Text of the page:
There are four ways to esablish paternity in Wisconsin. Learn how by scheduling a confidential consultation with us or complete the form below.
We'll gather evidence and get prepared to assert your grounds for paternity through 1 of 4 ways: voluntary paternity acknowledgement, court ruling, conclusive paternity determination based on genetic testing or acknowledgement of marital child.
Paternity testing consists of a lab test that analyzes the DNA of a mother, an alleged father, and a child to determine the child’s parentage.
The cost of genetic testing varies widely and depends on many factors (such as who is providing the testing, geographic location, local court rules, etc.).
Typically, the court will order one or both parties to pay for the genetic tests. If the parents are indigent, the county will often pay for the testing. Child support agencies often offer genetic testing at a reduced cost. Tests require the cooperation and participation of the mother, alleged father, and the child and usually consist of a swab taken from inside the mouth. It is safe for all parties involved—no blood or needles!
Sometimes parties seek a private test at a local lab or administer a home paternity test from a drugstore. If the parties later wish to admit the results of these tests as evidence in court, it will be up to the judge to determine whether the test results are accurate, reliable, and legitimate. If the judge has any concerns about the veracity of a private test, they can order the parties to take another test administered by the court via the child support enforcement agency.
If a man submits to court-ordered genetic tests that determine he is NOT the child’s father, he will not be ordered to pay for those tests.
Prenatal paternity tests cannot be administered by the child support enforcement agency or via home test kits. They can only be taken by an OB-GYN and must be approved and ordered by a doctor. Courts generally will not order prenatal paternity testing and will not order doctors to conduct such tests.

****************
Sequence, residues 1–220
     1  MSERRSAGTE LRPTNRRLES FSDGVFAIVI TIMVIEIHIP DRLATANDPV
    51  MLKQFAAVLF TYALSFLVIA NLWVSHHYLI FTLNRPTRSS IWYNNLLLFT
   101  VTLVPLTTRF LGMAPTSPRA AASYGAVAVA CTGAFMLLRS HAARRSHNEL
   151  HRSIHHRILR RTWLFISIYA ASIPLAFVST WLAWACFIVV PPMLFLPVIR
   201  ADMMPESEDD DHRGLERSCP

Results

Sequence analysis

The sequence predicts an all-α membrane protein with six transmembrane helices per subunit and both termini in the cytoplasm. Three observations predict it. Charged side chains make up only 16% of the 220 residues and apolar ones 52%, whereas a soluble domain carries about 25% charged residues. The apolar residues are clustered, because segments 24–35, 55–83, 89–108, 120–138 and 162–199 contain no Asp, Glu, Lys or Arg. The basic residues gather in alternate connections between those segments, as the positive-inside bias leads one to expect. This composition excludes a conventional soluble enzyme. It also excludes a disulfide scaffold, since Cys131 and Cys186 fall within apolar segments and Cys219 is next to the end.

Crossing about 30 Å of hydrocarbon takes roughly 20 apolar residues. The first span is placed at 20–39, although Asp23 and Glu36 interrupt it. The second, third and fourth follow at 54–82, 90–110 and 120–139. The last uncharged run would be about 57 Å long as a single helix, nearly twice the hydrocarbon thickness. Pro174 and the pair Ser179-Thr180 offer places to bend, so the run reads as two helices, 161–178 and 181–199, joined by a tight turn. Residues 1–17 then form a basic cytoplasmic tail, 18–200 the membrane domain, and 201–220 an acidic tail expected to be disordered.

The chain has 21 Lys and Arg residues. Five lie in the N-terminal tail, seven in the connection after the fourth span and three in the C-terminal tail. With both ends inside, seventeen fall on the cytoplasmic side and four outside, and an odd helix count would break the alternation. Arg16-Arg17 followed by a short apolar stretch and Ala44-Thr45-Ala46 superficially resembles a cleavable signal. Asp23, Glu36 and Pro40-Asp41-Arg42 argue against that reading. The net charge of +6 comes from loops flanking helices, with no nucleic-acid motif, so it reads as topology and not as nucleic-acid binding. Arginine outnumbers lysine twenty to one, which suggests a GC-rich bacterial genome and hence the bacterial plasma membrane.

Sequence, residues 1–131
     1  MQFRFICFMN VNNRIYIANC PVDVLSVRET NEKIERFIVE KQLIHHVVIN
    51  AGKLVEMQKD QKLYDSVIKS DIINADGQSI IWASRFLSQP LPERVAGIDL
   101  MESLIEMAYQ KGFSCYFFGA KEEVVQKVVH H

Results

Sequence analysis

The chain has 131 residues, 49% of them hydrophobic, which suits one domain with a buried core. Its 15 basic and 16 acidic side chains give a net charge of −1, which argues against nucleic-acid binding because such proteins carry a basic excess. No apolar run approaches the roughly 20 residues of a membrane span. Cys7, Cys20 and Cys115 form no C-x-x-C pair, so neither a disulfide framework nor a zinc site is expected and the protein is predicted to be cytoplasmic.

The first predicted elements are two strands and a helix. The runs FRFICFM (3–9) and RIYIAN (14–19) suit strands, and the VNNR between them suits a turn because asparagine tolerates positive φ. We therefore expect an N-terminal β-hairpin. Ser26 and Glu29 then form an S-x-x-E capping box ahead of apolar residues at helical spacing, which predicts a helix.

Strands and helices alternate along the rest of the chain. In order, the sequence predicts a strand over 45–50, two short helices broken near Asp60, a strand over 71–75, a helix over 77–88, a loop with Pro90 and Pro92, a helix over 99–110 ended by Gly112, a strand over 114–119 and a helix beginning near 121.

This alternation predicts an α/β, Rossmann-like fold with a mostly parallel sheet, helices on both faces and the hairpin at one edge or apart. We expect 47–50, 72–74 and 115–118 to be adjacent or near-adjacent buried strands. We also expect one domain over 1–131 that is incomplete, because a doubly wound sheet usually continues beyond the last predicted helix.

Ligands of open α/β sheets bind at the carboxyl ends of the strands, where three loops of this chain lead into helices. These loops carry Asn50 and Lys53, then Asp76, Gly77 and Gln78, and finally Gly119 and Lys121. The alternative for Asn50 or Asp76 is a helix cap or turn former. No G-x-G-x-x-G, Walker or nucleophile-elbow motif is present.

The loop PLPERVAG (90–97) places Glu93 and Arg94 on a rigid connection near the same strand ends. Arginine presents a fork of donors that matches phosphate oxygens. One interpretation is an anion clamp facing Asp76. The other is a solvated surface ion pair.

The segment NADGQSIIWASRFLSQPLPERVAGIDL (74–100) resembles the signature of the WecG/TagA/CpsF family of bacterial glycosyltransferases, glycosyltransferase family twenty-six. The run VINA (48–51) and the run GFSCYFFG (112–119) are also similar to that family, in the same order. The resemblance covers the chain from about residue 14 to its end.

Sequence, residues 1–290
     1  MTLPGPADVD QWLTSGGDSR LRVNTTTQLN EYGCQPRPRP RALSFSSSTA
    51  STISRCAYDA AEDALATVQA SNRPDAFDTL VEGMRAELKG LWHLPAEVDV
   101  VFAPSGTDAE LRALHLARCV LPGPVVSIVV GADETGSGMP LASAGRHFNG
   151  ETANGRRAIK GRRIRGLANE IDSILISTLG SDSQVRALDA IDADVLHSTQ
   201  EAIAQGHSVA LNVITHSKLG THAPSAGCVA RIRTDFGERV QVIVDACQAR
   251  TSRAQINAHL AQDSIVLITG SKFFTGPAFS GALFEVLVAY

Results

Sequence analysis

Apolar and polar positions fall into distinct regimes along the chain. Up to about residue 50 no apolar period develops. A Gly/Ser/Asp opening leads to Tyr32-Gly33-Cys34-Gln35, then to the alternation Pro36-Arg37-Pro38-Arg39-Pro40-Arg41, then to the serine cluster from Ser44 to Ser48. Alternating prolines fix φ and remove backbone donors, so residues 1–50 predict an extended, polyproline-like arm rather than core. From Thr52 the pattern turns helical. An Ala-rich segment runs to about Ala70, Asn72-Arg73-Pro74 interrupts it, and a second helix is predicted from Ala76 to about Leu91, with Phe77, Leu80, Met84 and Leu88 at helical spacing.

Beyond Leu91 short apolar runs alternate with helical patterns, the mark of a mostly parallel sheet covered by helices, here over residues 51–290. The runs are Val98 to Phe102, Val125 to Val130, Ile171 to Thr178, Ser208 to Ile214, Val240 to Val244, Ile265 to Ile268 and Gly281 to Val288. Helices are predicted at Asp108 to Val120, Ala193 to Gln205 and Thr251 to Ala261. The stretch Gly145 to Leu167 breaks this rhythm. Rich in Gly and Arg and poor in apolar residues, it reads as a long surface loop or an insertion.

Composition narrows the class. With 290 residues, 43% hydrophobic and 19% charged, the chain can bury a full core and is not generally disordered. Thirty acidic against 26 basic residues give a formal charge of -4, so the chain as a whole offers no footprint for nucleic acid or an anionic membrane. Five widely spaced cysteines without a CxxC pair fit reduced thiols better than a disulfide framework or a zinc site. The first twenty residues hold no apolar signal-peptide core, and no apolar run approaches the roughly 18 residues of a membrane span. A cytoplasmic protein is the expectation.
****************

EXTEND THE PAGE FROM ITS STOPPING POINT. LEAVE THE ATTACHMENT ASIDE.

Paternity actions require the baby to be born alive before a court will order testing or make other orders relevant to the child.
No. If you are ordered by a court to submit to a paternity test, you must comply with the order. If you do not, you can be held in contempt of court and can be fined, jailed, or both.
If an alleged father asks a mother to submit to genetic testing, she can refuse. However, if a court orders her to submit to genetic testing, she must comply with the order. Her failure to do so can result in her being fined, jailed, or both.
After a child is born, either the mother, the father, the child, or the county child support enforcement agency will file a paternity action in the county’s family court.
Both parents have a legal obligation to support their child.
Once paternity is established, the court will set a child support order based upon the amount of time the child spends with each parent and the amount of each parents’ gross incomes.
If the mother or the child receive public assistance benefits, child support enforcement will help the court establish a child support order and the mother may have to assign her child support benefits to the State of Wisconsin in reimbursement of public assistance received.
A guardian ad litem can be appointed for a child in a Paternity Case when his or her parents cannot agree on “terms” such as custody, placement, or child support. It will be up to the guardian ad litem to perform an investigation into the child’s best interests and to make a recommendation to the court as to what orders would be most beneficial to the child.
A guardian ad litem will also be appointed in paternity actions when either the father or the mother of the child are minors. The guardian ad litem will then represent the minor parent’s best interests in the determination of paternity and the setting of terms.
A man can contest a paternity allegation by denying paternity and then submitting to genetic tests that prove he is not the child’s father.
However, on rare occasions, a man can be adjudicated a child’s father even when genetic tests prove he is not the child’s biological father. This can happen when, for example, a man has acted as the child’s father, held himself out the world as the child’s father, and perhaps even believed himself to be the child’s father—only to later learn via genetic testing that he is not. Under such circumstances, a court may find it is in the child’s best interests to adjudicate the man to be the child’s father because it would be emotionally, psychologically, and financially detrimental to the child to NOT require the man to be the child’s legal father.
A court may void a judgment of paternity if fraud, duress, or mistake of fact is shown.
Wisconsin Child Custody & Placement Laws – What you need to know about paternity rights as it relates to child custody and placement.
Child Support in Wisconsin – What you need to know about how to calculate child support.
Does a birth certificate establish paternity? – What you need to know about why a birth certificate doesn’t establish paternity under Wisconsin law?